In addition, a donor can contribute a lump sum of $60,000 ($120,000 for married donors) to a 529 College Savings Plan. The IRS accepts that the donor books his/her coming 5 years of annual exclusion for the beneficiary of the 529 College Savings Plan. The beneficiary will be able to take immediate advantage of the potential growth of the 529 Plan investments. If the donor were to die within this 5-year period, a portion of the gift may be includable in the gross estate of the donor.

d.) Annual Exclusion for Non-Citizen Spouse

As we will discuss in more detail below, a U.S. citizen spouse has an unlimited transfer deduction. A non-U.S. citizen is not allowed to this deduction. In addition, the presumption that joint property with right of survivorship held between spouses is owned 50% by each, does not apply either. Upon the death of the first spouse, the IRS will presume that the joint property was owned 100% by the decedent. The alien spouse will have to prove his/her ownership interest in the property by tracing the origin of the fund.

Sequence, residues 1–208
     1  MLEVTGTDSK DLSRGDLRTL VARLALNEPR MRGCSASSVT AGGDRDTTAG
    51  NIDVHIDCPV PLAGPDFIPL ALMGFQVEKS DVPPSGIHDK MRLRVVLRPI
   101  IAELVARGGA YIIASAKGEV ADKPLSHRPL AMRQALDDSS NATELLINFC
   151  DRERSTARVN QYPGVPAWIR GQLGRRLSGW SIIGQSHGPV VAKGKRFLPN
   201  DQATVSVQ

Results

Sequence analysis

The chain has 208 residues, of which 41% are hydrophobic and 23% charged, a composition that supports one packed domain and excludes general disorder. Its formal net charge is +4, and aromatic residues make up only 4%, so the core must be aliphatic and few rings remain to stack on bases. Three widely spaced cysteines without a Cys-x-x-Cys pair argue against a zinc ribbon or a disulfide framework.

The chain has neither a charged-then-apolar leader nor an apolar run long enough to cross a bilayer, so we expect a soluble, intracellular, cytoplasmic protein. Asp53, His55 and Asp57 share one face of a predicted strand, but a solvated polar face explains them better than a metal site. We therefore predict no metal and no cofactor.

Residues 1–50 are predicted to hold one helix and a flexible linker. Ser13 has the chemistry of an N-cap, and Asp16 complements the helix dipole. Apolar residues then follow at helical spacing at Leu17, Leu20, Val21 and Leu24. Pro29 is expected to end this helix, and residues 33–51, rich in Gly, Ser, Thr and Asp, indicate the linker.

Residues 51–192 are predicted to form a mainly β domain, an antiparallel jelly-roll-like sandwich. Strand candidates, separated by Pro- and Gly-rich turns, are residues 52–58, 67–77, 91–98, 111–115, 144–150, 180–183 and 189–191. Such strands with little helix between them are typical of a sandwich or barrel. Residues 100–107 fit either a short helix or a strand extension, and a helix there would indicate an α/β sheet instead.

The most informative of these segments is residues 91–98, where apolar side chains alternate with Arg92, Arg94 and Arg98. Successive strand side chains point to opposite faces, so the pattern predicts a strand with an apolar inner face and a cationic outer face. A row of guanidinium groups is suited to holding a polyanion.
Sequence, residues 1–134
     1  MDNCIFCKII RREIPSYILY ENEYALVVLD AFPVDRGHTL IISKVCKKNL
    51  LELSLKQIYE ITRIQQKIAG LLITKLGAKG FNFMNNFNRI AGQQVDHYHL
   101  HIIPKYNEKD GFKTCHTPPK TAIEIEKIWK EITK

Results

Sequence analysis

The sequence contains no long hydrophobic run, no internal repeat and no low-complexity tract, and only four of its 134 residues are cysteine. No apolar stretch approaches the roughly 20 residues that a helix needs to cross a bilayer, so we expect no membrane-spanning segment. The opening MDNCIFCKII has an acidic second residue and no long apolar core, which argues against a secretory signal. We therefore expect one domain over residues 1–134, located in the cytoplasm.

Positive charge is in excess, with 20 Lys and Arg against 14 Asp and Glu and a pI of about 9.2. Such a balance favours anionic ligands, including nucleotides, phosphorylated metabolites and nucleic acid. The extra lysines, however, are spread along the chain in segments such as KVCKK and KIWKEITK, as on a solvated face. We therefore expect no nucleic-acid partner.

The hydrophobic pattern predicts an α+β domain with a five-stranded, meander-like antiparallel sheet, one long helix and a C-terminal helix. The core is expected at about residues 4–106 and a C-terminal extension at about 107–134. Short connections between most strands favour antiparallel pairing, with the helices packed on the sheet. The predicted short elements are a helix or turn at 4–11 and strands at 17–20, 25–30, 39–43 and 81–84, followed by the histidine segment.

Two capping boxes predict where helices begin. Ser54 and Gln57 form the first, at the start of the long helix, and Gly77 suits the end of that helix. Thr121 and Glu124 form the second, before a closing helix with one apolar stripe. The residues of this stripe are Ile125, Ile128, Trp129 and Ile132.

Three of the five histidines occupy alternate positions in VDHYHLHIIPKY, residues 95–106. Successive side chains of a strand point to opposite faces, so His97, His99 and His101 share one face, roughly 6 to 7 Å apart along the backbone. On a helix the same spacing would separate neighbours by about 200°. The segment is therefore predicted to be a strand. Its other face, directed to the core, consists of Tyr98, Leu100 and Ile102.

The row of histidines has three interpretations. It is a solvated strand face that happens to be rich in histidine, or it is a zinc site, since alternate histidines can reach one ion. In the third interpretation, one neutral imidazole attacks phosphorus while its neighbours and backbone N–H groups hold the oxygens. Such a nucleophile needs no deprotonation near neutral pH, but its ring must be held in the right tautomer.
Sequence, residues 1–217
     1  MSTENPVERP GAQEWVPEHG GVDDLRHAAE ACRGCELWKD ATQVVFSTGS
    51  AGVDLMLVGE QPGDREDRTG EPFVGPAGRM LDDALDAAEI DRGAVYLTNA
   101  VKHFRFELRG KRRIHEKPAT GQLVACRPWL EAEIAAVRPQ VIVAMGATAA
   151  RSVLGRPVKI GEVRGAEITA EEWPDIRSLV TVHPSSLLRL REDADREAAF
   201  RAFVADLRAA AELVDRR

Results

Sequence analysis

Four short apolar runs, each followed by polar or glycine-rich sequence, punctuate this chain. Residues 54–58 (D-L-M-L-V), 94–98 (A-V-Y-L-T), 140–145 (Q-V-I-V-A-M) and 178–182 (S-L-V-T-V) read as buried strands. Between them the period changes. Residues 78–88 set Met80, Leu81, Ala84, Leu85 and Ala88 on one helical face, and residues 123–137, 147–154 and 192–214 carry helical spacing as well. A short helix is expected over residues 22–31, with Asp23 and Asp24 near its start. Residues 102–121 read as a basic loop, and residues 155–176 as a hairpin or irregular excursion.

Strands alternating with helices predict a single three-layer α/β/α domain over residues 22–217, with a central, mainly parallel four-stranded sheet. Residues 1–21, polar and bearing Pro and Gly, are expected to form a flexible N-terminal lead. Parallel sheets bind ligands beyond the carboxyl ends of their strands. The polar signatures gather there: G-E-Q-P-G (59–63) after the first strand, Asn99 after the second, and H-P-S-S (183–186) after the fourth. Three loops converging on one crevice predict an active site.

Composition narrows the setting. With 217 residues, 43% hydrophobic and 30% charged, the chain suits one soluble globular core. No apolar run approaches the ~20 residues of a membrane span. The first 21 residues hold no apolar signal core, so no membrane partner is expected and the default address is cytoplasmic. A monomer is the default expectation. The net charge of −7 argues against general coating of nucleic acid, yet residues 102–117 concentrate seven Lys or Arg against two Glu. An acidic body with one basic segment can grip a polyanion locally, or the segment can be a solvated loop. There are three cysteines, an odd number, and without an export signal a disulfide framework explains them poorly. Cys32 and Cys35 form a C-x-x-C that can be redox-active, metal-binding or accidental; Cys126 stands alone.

The IRS, under Section 2523(i), allows an annual exclusion of $100,000, adjusted to inflation. The annual exclusion is in the amount of $34,000 for 2010. This is a good estate planning tool when at least one spouse is an alien and the other spouse has a higher income. By making an annual gift, the couple can rebalance their assets.

e.) Deductions for Transfer to Spouse

There is an unlimited marital deduction[7] for transfers to a U.S. citizen spouse. This unlimited marital deduction is recognized for transfers of joint property, but where a life estate or a terminable interest in property is created the deduction is generally not allowed. There is an exception to this rule. When the life estate is coupled with a power of appointment in the donee spouse, a marital deduction will be allowed if the following five (5) conditions are met: The donee spouse is entitled for his/her lifetime to all of the income generated by the property;· The income is paid to the donee spouse at least annually;· The donee spouse has the power to appoint the interest to himself/herself or his/her estate;· The donee spouse’s power to appoint rests solely in the donee spouse; and
The entire interest is not subject to a power in any other person to appoint any part to any person other than the donee spouse.